- Demands from safety regulator will lead to extended outages
- Utility confirms targets for 2016 earnings, debt/Ebitda ratio
Electricite de France SA fell the most in two weeks in Paris trading after cutting its forecast for nuclear power production this year. French power prices rose as output is near the lowest in four years.
EDF said Tuesday that requests from France’s atomic safety regulator will cause extended power-plant outages, resulting in nuclear output of 395 to 400 terawatt-hours this year, down from original guidance of 408 to 412 terawatt-hours. The shares dropped as much as 3.7 percent. French power for delivery next quarter rose to a seven-month high while contracts for the next two months climbed to records.
“EDF Group has to conduct additional controls during the second half of the year in order to demonstrate that some components, mainly steam generators,” can operate safely, the company said in a statement.
It’s the utility’s second downward revision to output this year, making it the lowest since 2009, Sofia Savvantidou, an analyst at Exane BNP Paribas in London, said in an e-mailed note.
EDF confirmed its forecast for 2016 earnings before interest, taxes, depreciation and amortization of 16.3 billion euros ($17.9 billion) to 16.8 billion euros, incorporating the effect of a Conseil d’Etat decision in June on an earlier tariff shortfall. The utility also reiterated targets for its debt-to-Ebitda ratio and payout ratio.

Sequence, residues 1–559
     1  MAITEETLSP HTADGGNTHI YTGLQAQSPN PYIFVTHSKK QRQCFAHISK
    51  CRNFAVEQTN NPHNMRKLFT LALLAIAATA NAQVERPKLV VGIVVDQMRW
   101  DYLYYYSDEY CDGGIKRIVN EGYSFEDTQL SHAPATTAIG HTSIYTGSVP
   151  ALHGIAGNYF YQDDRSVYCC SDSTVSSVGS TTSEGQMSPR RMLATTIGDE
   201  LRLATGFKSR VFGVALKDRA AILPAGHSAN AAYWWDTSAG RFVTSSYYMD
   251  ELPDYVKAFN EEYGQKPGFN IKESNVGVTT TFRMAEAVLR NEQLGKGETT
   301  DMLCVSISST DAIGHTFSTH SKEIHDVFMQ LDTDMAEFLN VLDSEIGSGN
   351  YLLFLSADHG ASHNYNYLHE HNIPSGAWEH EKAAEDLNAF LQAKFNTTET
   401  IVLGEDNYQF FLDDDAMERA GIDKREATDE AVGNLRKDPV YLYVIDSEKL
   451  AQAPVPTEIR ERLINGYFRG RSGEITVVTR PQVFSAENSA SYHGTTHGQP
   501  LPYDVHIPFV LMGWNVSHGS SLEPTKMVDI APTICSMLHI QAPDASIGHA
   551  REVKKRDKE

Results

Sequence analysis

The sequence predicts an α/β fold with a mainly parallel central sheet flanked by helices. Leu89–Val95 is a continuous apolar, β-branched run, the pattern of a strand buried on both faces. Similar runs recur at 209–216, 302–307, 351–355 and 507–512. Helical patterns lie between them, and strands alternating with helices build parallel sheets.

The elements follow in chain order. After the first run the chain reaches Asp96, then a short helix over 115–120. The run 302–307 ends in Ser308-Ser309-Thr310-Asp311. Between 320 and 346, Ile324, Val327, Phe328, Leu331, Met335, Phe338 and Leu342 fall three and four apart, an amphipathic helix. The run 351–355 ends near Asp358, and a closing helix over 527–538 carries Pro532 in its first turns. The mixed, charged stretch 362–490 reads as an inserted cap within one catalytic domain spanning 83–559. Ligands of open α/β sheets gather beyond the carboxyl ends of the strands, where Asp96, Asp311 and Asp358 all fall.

“This news is negative given the positive effect from potential tariff catch-up was already well-appreciated by investors,” Xavier Caroen, an analyst at Bryan Garnier & Co. in Paris, said in a note.
EDF fell as much as 3.7 percent, the biggest intraday loss since July 6. It traded 1.7 percent lower at 10.92 euros as of 2:46 p.m. in Paris, the largest decliner in the Stoxx Europe 600 Utilities index.
French nuclear output fell to near the lowest since May 2012 as French regulator Autorite de Surete Nucleaire asked EDF to investigate the steam generator channel heads in 18 of its 58 nuclear plants in June. The regulator also suspended the generator license of EDF’s Fessenheim-2 reactor, which will remain shut until issues are resolved, ANS said on its website. EDF also extended by five months the outage of its Bugey-5 reactor, which halted in August, its website shows.
French power prices for August rose as much as 2.3 percent to a record 29.55 euros per megawatt hour, while the September contract climbed 3.4 percent to an all-time high, according to broker data compiled by Bloomberg. Next-quarter prices added 3.7 percent to 39.30 euros per megawatt hour, broker data show.